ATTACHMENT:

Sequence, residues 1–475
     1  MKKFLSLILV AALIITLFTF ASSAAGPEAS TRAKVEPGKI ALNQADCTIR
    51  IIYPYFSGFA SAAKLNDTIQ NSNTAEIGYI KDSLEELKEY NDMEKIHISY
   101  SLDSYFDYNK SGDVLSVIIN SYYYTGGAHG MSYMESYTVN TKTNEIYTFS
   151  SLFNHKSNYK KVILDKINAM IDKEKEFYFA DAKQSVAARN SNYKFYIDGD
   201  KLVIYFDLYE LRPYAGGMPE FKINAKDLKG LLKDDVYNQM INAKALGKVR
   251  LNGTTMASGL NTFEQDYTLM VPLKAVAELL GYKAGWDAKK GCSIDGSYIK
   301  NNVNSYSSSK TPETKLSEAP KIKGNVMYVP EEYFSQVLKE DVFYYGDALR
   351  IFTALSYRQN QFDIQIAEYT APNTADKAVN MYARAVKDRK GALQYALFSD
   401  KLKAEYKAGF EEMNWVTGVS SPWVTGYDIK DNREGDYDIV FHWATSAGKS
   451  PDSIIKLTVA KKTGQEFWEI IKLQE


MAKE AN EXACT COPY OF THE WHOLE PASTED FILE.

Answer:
Sequence, residues 1–475
     1  MKKFLSLILV AALIITLFTF ASSAAGPEAS TRAKVEPGKI ALNQADCTIR
    51  IIYPYFSGFA SAAKLNDTIQ NSNTAEIGYI KDSLEELKEY NDMEKIHISY
   101  SLDSYFDYNK SGDVLSVIIN SYYYTGGAHG MSYMESYTVN TKTNEIYTFS
   151  SLFNHKSNYK KVILDKINAM IDKEKEFYFA DAKQSVAARN SNYKFYIDGD
   201  KLVIYFDLYE LRPYAGGMPE FKINAKDLKG LLKDDVYNQM INAKALGKVR
   251  LNGTTMASGL NTFEQDYTLM VPLKAVAELL GYKAGWDAKK GCSIDGSYIK
   301  NNVNSYSSSK TPETKLSEAP KIKGNVMYVP EEYFSQVLKE DVFYYGDALR
   351  IFTALSYRQN QFDIQIAEYT APNTADKAVN MYARAVKDRK GALQYALFSD
   401  KLKAEYKAGF EEMNWVTGVS SPWVTGYDIK DNREGDYDIV FHWATSAGKS
   451  PDSIIKLTVA KKTGQEFWEI IKLQE